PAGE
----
Work on the Music & Memory project constitutes about a third of the course time in “The Music of Thought,” which also focuses on the psychology of music, philosophy, and the mind. “Music’s really fundamental to our human existence, and it is uniquely human,” Lloyd says. “That attachment of music to emotion, life events, and memory suggests to me that music is both good to study and important to study.”
For one assignment, students listened to the music compiled for a resident, described the world the music evoked, and then wrote about how the person was a reflection of that era. The Avery Heights residents, likewise, enjoyed the interactions and were left with iPods filled with songs—and memories.
Jack, age 98, sits in a recliner by the window in his room. Piled next to him are stacks of old cassette tapes in scratched and scuffed plastic cases. Jack prefers music from the roaring ’20s—the sounds of his childhood—through the Big Band and Dixieland jazz eras of the 1940s. He likes hearing solos by different musicians; bass players are a particular favorite. Jack tells the students he meets with that he built his music collection in part by going to a radio station owned by a friend and making copies of any songs he wanted. Jack shows the students how to load a cassette tape into a Walkman, and they, in turn, introduce him to an iPod. He quickly declares, “It sounds better than my tapes!”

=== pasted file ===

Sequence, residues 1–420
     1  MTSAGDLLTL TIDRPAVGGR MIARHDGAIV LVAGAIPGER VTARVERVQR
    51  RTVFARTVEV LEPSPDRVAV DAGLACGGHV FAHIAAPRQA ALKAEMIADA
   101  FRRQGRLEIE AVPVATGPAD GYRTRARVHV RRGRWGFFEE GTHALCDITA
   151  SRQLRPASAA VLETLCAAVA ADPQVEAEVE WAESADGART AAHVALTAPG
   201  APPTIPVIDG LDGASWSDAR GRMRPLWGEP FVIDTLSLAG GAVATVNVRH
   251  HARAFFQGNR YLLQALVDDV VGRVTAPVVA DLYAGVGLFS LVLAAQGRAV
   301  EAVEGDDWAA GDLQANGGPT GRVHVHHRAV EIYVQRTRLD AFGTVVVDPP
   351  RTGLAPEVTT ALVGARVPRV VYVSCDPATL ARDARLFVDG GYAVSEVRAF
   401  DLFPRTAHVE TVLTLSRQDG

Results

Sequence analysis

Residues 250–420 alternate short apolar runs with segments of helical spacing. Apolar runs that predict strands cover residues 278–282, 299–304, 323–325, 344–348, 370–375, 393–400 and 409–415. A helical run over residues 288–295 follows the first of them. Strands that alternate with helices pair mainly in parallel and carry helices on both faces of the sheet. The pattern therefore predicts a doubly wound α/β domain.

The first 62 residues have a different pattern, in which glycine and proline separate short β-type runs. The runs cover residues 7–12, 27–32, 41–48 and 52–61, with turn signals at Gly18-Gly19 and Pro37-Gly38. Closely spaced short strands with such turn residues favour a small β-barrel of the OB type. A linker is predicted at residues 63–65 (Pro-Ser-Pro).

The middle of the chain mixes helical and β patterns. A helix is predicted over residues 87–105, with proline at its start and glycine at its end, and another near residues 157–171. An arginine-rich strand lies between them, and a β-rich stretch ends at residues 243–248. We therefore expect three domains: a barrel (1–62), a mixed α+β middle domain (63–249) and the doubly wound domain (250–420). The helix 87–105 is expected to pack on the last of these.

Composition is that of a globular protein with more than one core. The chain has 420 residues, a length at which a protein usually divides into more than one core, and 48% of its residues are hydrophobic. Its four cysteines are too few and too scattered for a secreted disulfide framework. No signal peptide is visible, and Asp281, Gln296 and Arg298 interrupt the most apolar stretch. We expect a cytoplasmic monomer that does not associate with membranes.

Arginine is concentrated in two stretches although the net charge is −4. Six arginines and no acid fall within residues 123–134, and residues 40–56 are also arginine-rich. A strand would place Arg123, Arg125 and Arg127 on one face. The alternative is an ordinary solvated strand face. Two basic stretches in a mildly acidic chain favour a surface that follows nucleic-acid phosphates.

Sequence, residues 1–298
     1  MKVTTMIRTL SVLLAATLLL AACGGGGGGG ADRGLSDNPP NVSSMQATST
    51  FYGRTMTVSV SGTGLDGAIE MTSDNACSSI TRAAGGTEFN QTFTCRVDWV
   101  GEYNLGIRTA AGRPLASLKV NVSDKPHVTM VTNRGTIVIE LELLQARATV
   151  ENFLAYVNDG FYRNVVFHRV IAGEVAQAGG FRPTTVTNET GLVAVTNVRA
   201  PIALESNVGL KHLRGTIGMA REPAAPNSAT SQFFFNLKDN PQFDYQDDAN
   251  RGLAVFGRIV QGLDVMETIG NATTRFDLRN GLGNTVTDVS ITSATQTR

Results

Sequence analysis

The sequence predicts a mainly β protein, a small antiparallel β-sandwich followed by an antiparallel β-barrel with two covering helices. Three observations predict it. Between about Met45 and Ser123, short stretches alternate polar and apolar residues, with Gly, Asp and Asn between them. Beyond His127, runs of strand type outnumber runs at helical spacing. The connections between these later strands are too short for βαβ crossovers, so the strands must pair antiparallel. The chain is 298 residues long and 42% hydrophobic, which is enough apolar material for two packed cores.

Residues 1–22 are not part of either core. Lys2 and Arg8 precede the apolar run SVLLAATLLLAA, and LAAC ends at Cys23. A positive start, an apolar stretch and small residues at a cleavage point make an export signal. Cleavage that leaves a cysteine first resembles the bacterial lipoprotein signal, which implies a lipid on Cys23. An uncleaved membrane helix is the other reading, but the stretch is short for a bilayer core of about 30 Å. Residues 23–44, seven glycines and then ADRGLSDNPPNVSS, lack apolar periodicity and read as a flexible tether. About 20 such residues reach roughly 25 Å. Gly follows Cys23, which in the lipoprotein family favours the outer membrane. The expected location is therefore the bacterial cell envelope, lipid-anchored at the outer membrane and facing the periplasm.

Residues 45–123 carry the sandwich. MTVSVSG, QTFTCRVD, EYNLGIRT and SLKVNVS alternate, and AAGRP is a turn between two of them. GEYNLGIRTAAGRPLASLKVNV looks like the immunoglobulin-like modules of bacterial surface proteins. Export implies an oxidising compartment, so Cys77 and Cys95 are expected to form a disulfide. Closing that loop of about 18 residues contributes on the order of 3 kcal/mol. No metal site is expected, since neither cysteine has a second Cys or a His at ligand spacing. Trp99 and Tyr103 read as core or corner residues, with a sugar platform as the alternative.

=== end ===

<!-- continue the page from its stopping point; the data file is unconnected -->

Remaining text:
Andrew Collins ’20 says it was exciting to see Jack’s reaction to the music coming from his new iPod. “He became so immersed in the music that he stopped talking and started bobbing his head and tapping his shoe. He clearly enjoyed what we had given him,” says Collins, a Michael A. Moraski ’72 Scholar. “Throughout the course, we’ve witnessed, as well as read about, countless examples of how music positively impacts the mood, behavior, and thoughts of individuals. It’s very important that these residents have easy access to music, not only to enhance their present existence but also to provide stimulation to their cognitive memory.”
Jodi Levine, M.A., MT-BC, the director of therapeutic recreation, volunteers, religion, and music therapy at Avery Heights, says she sees great benefits to residents enjoying their preferred music during their leisure time. The personalized iPods are stored in a cabinet that staff members access for the residents upon request.